Uganda: A Modern History
Uganda: A Modern History (1981) provides a comprehensive political, social and economic history of Uganda from the beginnings of colonial rule in 1888. It focuses particularly on the development of the Ugandan economy and demonstrates how the economy became structurally dependent on world capitalism during the colonial period and how this has affected its subsequent development. The book also deals with the political and social tendencies which shaped Ugandan society in both the colonial and postcolonial period. The first four chapters examine the initial colonial occupation and the colonial state’s role in the rural nexus of chiefs, peasants and migrant workers. They also look at the colonial state and the context of the wider national, regional and international economy and analyse the African nationalist response and the formation of political parties to take control of the postcolonial state. The second part of the book considers the political alliances and economic strategies of the Obote regime and the events of Amin’s military regime. The epilogue looks at events since the fall of the Amin regime and suggests ways in which Uganda may be able to tackle its underlying economic problems.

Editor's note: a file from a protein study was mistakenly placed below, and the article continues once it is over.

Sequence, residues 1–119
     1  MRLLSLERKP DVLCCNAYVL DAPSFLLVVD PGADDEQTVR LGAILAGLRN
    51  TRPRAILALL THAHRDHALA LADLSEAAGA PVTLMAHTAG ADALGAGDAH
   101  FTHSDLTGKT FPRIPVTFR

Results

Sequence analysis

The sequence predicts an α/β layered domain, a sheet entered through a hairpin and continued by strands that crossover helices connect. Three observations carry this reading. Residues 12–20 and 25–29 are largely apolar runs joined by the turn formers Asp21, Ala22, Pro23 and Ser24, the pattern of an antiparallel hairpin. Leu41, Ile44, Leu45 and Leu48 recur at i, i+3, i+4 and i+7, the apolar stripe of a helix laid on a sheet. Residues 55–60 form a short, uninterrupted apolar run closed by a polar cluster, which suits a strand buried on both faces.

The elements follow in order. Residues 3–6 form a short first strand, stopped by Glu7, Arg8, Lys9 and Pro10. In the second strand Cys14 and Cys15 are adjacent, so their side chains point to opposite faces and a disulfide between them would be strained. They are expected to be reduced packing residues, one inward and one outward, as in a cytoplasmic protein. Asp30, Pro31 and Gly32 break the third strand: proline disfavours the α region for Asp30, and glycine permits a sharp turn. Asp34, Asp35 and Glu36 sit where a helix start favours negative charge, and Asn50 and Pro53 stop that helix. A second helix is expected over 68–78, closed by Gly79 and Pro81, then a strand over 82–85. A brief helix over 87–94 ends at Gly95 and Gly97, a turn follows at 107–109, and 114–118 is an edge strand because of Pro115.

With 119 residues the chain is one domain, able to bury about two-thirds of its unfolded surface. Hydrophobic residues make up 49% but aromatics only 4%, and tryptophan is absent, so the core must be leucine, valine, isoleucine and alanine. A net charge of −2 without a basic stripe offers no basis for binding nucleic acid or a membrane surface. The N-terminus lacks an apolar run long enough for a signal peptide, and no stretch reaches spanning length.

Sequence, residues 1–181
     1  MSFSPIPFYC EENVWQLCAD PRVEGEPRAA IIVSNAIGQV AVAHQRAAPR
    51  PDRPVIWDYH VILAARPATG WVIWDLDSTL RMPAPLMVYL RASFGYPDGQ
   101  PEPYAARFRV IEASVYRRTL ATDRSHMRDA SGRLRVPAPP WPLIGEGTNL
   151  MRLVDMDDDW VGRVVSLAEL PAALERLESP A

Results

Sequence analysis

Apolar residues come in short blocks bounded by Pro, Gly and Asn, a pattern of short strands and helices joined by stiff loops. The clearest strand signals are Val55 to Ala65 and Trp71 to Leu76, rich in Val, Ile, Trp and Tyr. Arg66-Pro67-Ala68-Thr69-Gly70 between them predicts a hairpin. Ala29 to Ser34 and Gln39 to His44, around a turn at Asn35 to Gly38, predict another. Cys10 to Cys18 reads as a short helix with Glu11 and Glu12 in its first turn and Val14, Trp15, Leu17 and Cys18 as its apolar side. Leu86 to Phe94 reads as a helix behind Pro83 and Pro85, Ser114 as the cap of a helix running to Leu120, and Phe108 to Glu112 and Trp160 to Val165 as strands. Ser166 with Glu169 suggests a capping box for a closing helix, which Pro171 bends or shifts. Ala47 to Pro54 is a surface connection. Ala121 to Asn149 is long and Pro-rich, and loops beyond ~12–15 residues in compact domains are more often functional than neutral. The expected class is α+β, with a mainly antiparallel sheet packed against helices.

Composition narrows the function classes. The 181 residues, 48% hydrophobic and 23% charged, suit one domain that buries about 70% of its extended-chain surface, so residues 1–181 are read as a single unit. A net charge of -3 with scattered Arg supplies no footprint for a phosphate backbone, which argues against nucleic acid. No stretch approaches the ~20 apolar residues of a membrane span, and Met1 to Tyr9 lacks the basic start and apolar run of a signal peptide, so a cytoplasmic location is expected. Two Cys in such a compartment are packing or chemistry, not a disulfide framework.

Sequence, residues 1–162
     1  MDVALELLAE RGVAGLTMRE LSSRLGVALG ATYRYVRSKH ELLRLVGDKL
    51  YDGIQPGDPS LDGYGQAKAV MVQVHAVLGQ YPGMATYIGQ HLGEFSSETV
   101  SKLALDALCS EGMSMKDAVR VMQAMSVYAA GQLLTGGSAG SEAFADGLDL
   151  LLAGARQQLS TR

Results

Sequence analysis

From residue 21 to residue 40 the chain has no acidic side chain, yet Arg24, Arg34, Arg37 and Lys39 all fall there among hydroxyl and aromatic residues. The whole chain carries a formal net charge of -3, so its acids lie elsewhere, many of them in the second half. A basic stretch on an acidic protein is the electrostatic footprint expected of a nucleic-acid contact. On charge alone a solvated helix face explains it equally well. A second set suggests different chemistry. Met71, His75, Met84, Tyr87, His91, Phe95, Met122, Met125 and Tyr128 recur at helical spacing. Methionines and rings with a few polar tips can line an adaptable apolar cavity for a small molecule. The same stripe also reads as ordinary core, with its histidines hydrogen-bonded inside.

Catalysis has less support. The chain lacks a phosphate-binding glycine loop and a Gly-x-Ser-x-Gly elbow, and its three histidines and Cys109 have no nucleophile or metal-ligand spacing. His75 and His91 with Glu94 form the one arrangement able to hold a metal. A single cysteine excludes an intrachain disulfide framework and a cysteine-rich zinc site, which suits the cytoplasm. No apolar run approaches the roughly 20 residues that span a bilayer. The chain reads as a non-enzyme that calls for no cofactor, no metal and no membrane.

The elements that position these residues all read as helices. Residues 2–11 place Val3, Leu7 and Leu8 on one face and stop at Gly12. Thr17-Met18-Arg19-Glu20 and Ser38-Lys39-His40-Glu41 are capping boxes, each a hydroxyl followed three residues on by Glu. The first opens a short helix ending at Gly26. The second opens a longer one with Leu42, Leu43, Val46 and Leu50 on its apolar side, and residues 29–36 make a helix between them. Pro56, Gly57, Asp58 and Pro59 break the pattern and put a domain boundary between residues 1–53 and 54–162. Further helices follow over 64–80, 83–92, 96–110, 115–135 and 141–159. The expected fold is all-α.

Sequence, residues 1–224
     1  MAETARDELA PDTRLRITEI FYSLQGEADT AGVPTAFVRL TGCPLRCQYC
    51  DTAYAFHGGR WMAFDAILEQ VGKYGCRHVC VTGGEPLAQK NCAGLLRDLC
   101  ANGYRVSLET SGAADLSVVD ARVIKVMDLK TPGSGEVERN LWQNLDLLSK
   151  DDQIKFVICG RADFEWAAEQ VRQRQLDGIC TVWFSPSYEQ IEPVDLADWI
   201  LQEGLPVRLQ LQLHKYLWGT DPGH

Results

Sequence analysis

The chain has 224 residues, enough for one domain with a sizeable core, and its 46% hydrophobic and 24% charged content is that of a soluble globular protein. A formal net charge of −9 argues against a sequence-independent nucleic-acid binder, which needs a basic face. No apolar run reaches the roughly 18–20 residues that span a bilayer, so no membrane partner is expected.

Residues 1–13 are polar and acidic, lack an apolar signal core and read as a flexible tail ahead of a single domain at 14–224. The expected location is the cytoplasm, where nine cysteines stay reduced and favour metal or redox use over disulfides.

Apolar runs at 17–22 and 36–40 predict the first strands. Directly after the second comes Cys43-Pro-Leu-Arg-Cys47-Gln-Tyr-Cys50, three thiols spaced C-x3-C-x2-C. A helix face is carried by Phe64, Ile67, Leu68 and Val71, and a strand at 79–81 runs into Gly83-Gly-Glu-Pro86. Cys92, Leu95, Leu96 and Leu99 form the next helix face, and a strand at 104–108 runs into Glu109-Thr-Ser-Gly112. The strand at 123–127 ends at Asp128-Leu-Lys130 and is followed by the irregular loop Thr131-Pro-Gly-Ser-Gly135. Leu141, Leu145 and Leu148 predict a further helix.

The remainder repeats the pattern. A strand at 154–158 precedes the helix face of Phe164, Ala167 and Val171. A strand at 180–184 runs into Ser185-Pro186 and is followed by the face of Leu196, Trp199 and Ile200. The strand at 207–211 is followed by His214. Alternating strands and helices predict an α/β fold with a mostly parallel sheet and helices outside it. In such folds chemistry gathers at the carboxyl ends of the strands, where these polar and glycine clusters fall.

1. Transformation into Dependence, 1888–1922 2. The Colonial State in the Rural Nexus: Chiefs, Peasants and Migrant Labour 3. The Colonial State in the Wider Economy: Changing Constraints and Priorities 4. The Struggle for Control of the Postcolonial State: Political Movements and Parties, 1938–62 5. The Political Economy of the Obote Regime, 1962–71 6. The Amin Regime, 1971–9